What causes children to be left handed when neither the parents nor the grandparents are?
There are many different theories regarding left handedness. Approximately 10-13% of the population is left handed. In addition, males are more likely to be left handed than females.
One evolutionary theory states that this is related to the warrior and his shield. The heart is on the left hand side of the body so it would make sense to use the left hand to hold the shield to protect the heart, therefore making the left hand the dominant one.
Another theory is the brain hemisphere division of labor. This theory is perhaps the most accepted theory. Normally, one side of the brain is used for speaking and the other half for writing. Having one side of the brain responsible for all fine motor skills would be more efficient than dividing it up between both hemispheres.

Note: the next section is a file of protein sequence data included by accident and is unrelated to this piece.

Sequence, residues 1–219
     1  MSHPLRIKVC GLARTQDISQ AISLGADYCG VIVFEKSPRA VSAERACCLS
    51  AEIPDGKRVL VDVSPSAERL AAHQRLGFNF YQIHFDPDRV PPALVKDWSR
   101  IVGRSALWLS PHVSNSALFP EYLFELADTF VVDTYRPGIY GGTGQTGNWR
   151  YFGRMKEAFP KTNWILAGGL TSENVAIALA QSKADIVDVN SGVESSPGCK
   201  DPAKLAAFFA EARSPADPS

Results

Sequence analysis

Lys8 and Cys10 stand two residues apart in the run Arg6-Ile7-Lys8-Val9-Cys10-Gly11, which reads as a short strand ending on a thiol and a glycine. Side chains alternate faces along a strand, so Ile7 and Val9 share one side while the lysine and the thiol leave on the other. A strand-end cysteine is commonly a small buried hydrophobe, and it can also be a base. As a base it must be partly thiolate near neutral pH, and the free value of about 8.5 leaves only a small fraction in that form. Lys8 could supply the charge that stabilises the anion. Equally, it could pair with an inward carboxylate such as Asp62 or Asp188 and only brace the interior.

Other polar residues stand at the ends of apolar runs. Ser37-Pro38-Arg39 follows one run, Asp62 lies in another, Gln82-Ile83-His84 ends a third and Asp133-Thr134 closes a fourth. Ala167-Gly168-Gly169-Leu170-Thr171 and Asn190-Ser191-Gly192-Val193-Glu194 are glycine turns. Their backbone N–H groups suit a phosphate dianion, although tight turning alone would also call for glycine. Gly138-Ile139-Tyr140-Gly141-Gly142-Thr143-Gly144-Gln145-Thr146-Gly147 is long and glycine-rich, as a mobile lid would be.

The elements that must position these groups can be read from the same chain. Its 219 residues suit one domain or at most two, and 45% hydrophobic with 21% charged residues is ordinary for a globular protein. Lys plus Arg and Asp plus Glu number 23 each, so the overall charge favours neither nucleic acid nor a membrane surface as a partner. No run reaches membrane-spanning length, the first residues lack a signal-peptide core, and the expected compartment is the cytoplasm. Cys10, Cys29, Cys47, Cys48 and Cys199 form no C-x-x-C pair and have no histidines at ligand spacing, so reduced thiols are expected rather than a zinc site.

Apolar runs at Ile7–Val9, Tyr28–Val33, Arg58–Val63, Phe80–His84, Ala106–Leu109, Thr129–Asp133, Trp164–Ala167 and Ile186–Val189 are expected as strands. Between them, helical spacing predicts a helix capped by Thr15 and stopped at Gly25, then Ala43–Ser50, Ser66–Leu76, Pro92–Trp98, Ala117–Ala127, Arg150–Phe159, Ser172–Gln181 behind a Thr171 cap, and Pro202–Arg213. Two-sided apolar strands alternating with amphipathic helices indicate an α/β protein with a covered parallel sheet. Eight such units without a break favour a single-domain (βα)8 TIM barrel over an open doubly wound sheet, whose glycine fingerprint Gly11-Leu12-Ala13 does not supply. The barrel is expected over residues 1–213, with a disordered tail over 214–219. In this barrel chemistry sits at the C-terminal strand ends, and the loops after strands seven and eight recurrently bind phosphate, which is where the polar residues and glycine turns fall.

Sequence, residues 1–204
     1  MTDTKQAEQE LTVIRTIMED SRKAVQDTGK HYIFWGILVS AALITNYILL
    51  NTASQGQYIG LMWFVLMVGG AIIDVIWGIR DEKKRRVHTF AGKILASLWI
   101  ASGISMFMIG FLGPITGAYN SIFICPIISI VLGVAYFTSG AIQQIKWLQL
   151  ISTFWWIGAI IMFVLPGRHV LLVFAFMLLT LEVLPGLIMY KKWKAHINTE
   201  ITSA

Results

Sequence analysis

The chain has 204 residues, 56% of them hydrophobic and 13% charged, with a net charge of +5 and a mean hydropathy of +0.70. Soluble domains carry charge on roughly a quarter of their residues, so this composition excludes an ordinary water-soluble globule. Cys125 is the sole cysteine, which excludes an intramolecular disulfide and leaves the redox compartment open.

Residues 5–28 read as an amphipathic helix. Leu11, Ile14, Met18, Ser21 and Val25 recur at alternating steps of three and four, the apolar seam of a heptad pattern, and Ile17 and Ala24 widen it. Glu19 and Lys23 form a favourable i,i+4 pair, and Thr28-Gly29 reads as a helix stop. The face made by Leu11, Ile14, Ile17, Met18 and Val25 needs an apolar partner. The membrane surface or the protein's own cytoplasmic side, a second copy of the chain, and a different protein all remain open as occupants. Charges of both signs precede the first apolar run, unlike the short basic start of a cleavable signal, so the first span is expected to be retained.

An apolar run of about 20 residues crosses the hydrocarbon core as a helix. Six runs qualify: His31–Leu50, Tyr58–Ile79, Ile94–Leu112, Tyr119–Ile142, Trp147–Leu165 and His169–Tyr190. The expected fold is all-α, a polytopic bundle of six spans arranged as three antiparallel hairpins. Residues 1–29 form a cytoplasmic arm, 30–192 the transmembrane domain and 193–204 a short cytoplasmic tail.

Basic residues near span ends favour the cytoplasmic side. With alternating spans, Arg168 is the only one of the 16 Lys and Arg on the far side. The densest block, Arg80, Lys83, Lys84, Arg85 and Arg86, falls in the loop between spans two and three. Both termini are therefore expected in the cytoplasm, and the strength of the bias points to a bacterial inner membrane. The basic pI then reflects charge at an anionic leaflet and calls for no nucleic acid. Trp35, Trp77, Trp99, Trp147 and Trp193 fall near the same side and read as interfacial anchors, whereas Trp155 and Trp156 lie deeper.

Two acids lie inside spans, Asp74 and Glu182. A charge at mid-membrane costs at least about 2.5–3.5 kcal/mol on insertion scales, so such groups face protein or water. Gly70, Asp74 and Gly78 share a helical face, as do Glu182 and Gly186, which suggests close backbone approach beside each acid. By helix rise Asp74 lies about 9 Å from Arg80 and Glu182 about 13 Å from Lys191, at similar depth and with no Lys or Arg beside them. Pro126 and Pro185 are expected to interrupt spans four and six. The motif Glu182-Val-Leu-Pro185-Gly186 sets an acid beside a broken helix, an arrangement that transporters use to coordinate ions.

Genetics may have something to do with left handedness, however, even if both parents are left handed, the chances that their will be left handed is approximately 26%.
There are many theories on what impacts the development of handedness in children. One theory proposed by Norman Geschwind suggested that exposure to high levels of testosterone in-utero impacted the handedness of the child. The Gerschwind theory suggests that high levels of testosterone leads to left handedness. This is because testosterone suppresses the growth of the left cerebral hemisphere. Due to this, more neurons traveled to the right hemisphere. The better developed right hemisphere then takes over as the center for language and handedness. Since the right side of the brain controls the left side of the body, the child becomes left hand dominant.